This is the first, non-technical, part of this series. See the second part for more detail.
I was recently looking for a good machine learning task to try out, and I thought that doing something NFL-related would be interesting, because the NFL season is about to start (finally!).
Why was I looking for a good machine learning task to try out? I have mostly done my data analysis work in R, but recently, I have been moving over to Python. As part of that process, trying as many real-world problems out as possible helps. I have also been developing a lightweight, modular, machine learning framework with my company, Equirio.
We are going to start with a high-level, nontechnical overview of what we will be doing, and then follow that up with some technical details in a second post.
High Level Overview
Machine learning description
In machine learning, the goal is to learn from data and a known outcome to predict an unknown outcome for future data. For example, let’s say that we have data for how hot it has been for the past 10 days, and we want to predict how hot it will be tomorrow. The data (how hot it has been for the past 10 days), and the outcome (how hot it will be tomorrow), will be somewhat correlated. So, we can take data and outcomes from the past (ie, how hot it was for the 10 days before today, and how hot it was today), and use it to predict how hot it will be tomorrow. This will not be a perfect prediction, and we will have some error, as we do not have all of the needed information. Maybe there is a cold front coming in from the north, but in our simple model, we don’t have that information.
How does this apply to NFL data?
In my case, I wanted to predict something NFL-related. One of the main problem in doing this kind of analysis, believe it or not, is easy access to data. It is harder to get detailed per-game data such as who did what on what play, or even season-level statistics per player.
What is fairly easy to get is box score data, such as the below from Pro football reference.
You can see that it is very generic information: for each game, we have the winner, the loser, who was at home, how many points each team had, how many turnovers each team had, and how many yards each team gained.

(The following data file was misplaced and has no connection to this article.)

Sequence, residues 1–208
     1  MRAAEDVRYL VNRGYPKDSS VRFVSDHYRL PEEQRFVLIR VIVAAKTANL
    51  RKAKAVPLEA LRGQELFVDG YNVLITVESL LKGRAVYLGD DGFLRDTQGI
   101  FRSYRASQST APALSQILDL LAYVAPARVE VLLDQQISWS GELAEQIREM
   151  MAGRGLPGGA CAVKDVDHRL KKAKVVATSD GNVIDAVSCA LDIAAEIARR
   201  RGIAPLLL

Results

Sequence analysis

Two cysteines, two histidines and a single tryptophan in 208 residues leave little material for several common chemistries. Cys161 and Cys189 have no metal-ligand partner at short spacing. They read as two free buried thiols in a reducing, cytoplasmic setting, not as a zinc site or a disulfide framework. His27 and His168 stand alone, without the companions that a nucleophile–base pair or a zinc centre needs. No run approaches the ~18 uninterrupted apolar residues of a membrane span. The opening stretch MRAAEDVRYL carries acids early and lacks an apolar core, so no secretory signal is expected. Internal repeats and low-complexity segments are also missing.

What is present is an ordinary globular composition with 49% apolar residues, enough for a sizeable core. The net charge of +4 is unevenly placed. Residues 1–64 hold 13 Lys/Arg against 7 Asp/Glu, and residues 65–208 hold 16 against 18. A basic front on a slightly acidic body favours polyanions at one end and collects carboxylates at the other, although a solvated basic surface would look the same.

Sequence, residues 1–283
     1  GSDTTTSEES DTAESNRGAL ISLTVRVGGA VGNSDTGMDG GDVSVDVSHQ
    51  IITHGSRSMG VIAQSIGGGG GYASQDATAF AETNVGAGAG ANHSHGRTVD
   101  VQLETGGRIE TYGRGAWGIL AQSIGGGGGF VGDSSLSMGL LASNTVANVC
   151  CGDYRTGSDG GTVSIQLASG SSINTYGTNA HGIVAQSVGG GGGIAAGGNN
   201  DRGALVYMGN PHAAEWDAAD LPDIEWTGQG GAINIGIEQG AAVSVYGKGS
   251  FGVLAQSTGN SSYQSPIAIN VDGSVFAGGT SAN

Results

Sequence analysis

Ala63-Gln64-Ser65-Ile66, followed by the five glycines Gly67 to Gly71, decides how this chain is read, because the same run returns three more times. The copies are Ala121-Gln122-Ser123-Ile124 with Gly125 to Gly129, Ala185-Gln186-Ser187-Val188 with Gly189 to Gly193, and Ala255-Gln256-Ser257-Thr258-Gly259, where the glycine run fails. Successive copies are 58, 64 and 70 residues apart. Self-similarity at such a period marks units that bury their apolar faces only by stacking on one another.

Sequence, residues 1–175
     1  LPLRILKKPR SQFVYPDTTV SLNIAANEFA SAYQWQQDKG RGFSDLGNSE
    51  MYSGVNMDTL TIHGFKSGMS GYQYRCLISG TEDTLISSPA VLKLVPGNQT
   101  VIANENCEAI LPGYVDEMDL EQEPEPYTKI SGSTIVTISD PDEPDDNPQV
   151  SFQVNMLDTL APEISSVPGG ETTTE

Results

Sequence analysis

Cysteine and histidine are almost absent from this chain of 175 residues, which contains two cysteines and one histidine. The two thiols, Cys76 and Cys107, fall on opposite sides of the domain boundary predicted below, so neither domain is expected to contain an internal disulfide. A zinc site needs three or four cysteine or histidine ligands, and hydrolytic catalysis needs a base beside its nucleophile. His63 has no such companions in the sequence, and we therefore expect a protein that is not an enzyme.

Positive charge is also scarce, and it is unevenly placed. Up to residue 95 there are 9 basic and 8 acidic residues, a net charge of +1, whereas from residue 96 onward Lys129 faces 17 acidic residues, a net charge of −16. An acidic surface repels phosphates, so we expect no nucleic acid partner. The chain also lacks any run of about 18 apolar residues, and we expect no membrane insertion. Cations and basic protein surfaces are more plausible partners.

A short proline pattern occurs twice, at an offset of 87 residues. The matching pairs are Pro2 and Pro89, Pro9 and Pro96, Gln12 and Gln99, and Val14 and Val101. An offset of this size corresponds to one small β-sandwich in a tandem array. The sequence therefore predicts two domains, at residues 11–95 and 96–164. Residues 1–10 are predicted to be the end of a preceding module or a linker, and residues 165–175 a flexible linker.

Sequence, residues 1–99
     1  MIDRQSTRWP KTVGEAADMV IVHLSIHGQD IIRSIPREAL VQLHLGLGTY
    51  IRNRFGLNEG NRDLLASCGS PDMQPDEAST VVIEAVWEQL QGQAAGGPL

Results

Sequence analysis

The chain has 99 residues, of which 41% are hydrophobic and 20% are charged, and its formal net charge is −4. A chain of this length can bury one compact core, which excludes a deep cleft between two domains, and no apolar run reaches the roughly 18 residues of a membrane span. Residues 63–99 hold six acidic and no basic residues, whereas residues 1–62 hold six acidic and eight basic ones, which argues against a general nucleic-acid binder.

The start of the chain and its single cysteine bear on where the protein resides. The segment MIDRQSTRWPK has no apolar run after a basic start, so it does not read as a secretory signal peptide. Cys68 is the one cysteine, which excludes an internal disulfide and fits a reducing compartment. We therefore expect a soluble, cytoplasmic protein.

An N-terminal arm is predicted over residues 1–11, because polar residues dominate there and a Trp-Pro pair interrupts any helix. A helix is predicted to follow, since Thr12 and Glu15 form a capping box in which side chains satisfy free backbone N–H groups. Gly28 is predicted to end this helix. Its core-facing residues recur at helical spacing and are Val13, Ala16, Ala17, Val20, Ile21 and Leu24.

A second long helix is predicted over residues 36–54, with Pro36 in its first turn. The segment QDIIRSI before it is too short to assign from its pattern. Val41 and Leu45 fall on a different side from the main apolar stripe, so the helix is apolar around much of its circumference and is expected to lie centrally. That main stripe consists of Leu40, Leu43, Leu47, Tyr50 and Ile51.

Given this basic information, one of the simplest things we can predict is a teams win/loss record in a given season.
Before we get started
Before we get started, we have to define an error metric and a baseline. For example, if the algorithm predicts that the Washington Redskins will win 6 games next year, and they actually win 7 games, was the algorithm good?
To answer this, we need some baseline to measure against. First, we will define the error metric. The error metric will just be the mean of the absolute value of all the predictions minus all of the actual results.
Let’s take the 2010 season (unfortunately, these tables may look bad in an RSS reader):
|1440||14||new orleans saints||2010||11|
|1442||15||new england patriots||2010||14|
|1443||4||tampa bay buccaneers||2010||10|
|1445||2||st. louis rams||2010||7|
|1451||13||new york giants||2010||10|
|1452||15||green bay packers||2010||14|
|1457||0||st. louis cardinals||2010||0|
|1460||14||san francisco 49ers||2010||6|
|1468||0||los angeles rams||2010||0|
|1469||8||san diego chargers||2010||9|
|1471||8||new york jets||2010||13|
|1474||7||kansas city chiefs||2010||10|
|1477||0||los angeles raiders||2010||0|
We can see each team, along with how many games it won in 2010 (total_wins), and how many it won in 2011 (next_year_wins). Let’s say that we predict that each team will win the same amount of games in 2011 as it won in 2010. Thankfully, we already know how many games each team won, so we can use our error metric to calculate the error.
Once we remove the 2012 season (we don’t know what the wins will be next year), and any teams with 0 victories (teams that do not exist anymore), we can calculate the total error for all of the seasons. The error comes out to be 3.1. So, if we just assume that teams will win as many games next year, the actual number will, on average be +/- 3.1 games away.
Let’s try another baseline. It’s well known that teams tend to regress towards the mean. So, let’s just go with 8 as the number of victories for every team (in a 16 game season, 8 would be average). If we do this, we actually get a better result. The error is now only 2.8. Let’s use this as our baseline. If our system can reduce the error, than we can say that our system is potentially useful.
Training and Prediction
So, we take as much past data as we can (I used data from 1980 to now), convert per-game data into per-season data by calculating a lot of features for each team, such as how many points the team scored in their last 5 games of the season, or opponent record for the season. A feature is basically a decision criteria. If I want to know if it will be sunny tomorrow, one data point that I might want is if it is sunny or not today.
We can then train our machine learning model, and evaluate its error. Our error here is 2.6, which is better than the baseline.
We can then use our model to predict how teams will perform in future seasons (in this case, 2013).
After our training, we get predictions, which come out to:
|1532||green bay packers||2012||12||10.87|
|1554||kansas city chiefs||2012||2||6.35|
|1557||los angeles raiders||2012||0||0.00|
|1548||los angeles rams||2012||0||0.00|
|1522||new england patriots||2012||13||11.44|
|1520||new orleans saints||2012||7||8.10|
|1531||new york giants||2012||9||8.20|
|1551||new york jets||2012||6||6.65|
|1549||san diego chargers||2012||7||7.81|
|1540||san francisco 49ers||2012||14||9.72|
|1537||st. louis cardinals||2012||0||0.00|
|1525||st. louis rams||2012||7||6.36|
|1523||tampa bay buccaneers||2012||7||7.25|